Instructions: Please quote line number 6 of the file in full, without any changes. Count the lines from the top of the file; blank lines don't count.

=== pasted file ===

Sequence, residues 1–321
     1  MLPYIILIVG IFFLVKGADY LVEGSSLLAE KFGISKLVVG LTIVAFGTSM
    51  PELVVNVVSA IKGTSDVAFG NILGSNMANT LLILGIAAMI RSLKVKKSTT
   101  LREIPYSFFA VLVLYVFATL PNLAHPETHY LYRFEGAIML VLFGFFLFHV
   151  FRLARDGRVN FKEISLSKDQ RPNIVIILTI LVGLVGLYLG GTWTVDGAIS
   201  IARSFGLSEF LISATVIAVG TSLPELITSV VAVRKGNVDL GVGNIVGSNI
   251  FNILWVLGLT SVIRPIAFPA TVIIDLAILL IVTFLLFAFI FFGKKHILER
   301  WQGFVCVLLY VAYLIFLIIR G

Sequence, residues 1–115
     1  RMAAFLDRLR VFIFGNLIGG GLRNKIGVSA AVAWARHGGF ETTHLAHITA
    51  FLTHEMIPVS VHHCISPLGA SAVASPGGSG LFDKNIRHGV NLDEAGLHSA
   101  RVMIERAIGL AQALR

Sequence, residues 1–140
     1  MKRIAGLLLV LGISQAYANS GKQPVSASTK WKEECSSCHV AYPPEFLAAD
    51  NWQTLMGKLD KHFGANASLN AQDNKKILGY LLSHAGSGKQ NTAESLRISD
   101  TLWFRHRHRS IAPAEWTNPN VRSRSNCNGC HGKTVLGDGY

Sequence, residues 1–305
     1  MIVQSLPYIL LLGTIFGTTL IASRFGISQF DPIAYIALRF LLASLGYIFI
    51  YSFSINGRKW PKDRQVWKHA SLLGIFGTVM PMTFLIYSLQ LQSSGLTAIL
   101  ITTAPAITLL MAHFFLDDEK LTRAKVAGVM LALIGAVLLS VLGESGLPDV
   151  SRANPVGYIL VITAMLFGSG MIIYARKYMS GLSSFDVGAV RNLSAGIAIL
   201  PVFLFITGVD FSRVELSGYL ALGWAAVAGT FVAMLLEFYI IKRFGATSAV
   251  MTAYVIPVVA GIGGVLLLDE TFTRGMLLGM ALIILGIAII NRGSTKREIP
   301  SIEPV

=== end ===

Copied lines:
   201  IARSFGLSEF LISATVIAVG TSLPELITSV VAVRKGNVDL GVGNIVGSNI